fluid through openings along the sides of the body. Underscoring
the importance of millipede control, this fluid can be toxic to
small animals and pets, and can cause small blisters on
- What to look for: Earwigs have elongated, flattened bodies and
forcep-like cerci that are used to defend themselves and capture
prey. They are generally reddish brown to black.
- Where you’re likely to spot them: Earwigs tend to occur in
groups. They feed on plants and prefer moist, shady locations.
- Watch out for: Contrary to folklore, earwigs do not crawl into
ears at night. They do not spread diseases, but their menacing
appearance can be alarming.
- What to look for: In the case of house crickets, you’re more
likely to hear them before you see them. They are known for their
loud chirping which is caused by rubbing their front wings together
to attract females.
- Where you’re likely to spot them: House crickets are active at
night and usually hide in dark warm places during the day. They are
often attracted to electric lights in larger numbers, sometimes by
the thousands, and rest on vertical surfaces such as light poles
and house walls.
- Watch out for: Crickets can feast on fabrics and carpets,
eating large areas, leaving holes and they are especially attracted
to clothes soiled with perspiration.
- What to look for: You may know these dark brown or black bugs
as “rollie-pollies,” named for their habit of rolling into a ball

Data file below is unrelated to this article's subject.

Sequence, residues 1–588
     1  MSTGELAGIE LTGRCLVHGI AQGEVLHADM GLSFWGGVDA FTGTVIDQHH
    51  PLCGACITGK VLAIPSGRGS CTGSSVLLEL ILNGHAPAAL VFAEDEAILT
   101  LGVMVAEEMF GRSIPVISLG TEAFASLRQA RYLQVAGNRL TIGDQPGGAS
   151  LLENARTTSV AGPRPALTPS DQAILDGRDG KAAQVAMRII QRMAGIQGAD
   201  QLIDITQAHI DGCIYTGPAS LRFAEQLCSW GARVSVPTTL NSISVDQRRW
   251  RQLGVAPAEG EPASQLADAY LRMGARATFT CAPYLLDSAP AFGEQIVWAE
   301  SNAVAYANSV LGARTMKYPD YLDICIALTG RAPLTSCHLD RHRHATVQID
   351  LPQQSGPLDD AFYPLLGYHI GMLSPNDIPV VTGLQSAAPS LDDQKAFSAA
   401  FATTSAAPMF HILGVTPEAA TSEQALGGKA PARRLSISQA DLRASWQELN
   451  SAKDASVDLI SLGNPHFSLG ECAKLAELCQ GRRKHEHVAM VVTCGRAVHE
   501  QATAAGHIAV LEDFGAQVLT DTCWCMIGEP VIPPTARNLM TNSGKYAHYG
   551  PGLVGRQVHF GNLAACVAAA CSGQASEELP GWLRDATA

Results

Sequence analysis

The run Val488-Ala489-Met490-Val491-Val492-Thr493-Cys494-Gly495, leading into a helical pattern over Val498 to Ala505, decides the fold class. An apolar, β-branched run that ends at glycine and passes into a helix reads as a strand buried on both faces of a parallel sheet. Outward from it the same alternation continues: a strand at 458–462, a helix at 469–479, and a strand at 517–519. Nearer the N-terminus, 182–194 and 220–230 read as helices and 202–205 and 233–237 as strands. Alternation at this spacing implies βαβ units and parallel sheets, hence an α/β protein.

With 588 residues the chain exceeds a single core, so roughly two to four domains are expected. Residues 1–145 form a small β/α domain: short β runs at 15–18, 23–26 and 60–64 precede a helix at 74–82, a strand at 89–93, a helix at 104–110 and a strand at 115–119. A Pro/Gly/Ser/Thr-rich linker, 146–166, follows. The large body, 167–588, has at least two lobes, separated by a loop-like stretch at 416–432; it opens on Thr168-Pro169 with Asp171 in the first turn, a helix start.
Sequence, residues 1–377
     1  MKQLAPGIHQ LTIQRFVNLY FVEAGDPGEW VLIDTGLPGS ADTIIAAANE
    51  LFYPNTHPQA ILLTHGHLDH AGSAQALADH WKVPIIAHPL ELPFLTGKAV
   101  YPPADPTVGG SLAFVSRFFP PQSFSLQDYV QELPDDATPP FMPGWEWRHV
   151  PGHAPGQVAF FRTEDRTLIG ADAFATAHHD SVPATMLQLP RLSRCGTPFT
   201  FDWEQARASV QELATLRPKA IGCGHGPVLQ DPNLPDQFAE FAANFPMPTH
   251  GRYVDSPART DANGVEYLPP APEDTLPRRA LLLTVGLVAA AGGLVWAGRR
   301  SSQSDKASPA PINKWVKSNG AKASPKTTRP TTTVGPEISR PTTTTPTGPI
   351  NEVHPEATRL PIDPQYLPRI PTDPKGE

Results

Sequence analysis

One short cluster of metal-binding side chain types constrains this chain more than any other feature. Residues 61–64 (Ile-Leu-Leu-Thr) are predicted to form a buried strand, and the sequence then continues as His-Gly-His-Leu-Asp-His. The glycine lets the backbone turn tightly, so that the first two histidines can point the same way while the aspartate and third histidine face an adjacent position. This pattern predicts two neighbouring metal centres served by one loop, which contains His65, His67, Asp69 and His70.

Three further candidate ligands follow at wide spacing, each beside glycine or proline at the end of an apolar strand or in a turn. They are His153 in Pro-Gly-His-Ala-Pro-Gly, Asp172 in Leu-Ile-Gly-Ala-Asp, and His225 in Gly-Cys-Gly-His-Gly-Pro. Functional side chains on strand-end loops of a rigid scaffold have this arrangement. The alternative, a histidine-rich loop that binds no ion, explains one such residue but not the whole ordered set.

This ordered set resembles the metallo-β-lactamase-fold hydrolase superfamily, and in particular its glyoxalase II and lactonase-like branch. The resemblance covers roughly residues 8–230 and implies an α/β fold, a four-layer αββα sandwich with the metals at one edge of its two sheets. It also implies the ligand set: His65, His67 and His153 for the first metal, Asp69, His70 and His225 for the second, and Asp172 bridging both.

when disturbed. They are easily recognized by their back, which is
made up of seven hard individual plates.
- Where you’re likely to spot them: Pillbugs are most active at
night. They live in moist locations and are usually found under
damp objects such as trash, rocks, or decaying vegetation, where
they remain hidden during the day to reduce water loss. They
sometimes find their way indoors via door thresholds, especially
around sliding glass doors. A home invasion typically means there
is a large population immediately outside the building.
- Watch out for:Pillbugs cause no damage and are considered a
nuisance pest indoors.
- What to look for: Silverfish get their name from their silvery,
metallic appearance and fish-like shape and movements. They have no
wings, but are able to run very fast.
- Where you’re likely to spot them: Silverfish are typically seen
in moist, humid areas in the home, such as bathrooms, basements,
and attics. Silverfish can live up to a year without food, but
require a high-humidity environment.
- Watch out for: These bugs feed on paper items like wallpaper
and books, glue, clothing and foods including flour and rolled
oats. They tend to hide their presence from humans, which means any
damage they have caused could go unnoticed as well.
If you are concerned about occasional invaders getting in your
home, there are
some simple steps you can take to help prevent them from
gaining access. If you suspect an infestation of an occasional
invader pest, work with a licensed pest
professional to properly identify the species and determine the
best way to treat the problem.